Fill your house with stacks of books, in all the crannies and all the nooks. ~ Dr. Seuss

Eye to Eye: How Animals See the World

line Eye to Eye: How Animals See the World
by Steve Jenkins (Author, Illustrator)

“Eye Catching!!”

From Caldecott award winning Author-Illustrator, Steve Jenkins, comes this non-fiction picture book “Eye to Eye”. Steve Jenkins showcases some amazing animals with extraordinary eyes. Who knew the many amazing ways that different creatures actually “see” things! 

This book is a quick primer on the evolution of eyes! In “Eye to Eye”, the author dives into the many unusual, surprising ways that animals visualize the world around them. This picture book opens with a quick introduction on how vision is critical to creatures no matter what habitat they adapt to. He mentions how animals differ in their vision from just telling dark from light to a sophisticated vision of seeing colors and depth (like humans).

The earliest eyes, according to the author, were the simplest cluster of light sensitive cells called as an eyespot. These didn’t form images but could detect light. A “Pinhole” eye is a small opening which can form detail images but don’t admit much light. So the images are not very clear. “Compound” eyes (think dragon-fly) are composed of hundreds of little eyes which capture lots of detail. And finally there are the camera eyes that employ a lens to focus light on the retina and allow to capture detail as well as depth!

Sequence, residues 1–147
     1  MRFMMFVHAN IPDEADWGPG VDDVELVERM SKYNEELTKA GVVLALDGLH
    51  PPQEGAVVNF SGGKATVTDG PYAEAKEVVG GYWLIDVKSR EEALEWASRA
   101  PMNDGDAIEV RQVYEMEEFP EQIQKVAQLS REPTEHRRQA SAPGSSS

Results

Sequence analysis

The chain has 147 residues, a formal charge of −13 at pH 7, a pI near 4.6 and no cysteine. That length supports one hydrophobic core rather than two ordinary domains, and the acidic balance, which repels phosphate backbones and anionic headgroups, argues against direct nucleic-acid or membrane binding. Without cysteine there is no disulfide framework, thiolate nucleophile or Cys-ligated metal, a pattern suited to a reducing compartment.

Eye to Eye how many eyes

Other than introducing the four types of eyes, Steve Jenkins talks about the biggest eye, moving eyes, extra eyes, independent eyes, 360 degree eyes, rainbow vision eyes and many more surprising and fascinating eyes! From jumping stick insects to buzzards, Jenkins highlights 24 amazing and diverse creatures with diverse ways to see.

Eye to Eye two way plus one

Double page spreads with realistic cut-out colorful pictures surround small snippets of information. What we really liked are the brief notes in each page, just the right amount of information which does not get overwhelming but keeps it interesting at the same time. 

At the end, the author includes an infographic about the evolution of eye, from a single eye spot to a complex sophisticated camera eye. This part was a great read for a scientific dive into the subject. A glossary of animal facts gives us a quick look at all the 24 animals/creatures covered in the book.

A masterfully done non-fiction picture book, “Eye to Eye”! DO NOT MISS! 

Find it here: Library, Amazon, Better World Books


  1. This looks like a perfect non-fiction book for kindergarten. I can see some of my kids poring over it repeatedly.

  2. What a fascinating book! My kids would love it! Thanks for much for sharing this at Booknificent Thursday at! Hope to see you again soon!

    • reshamad

      Thanks for stopping by Tina. Its wonderful to share books at your linky.


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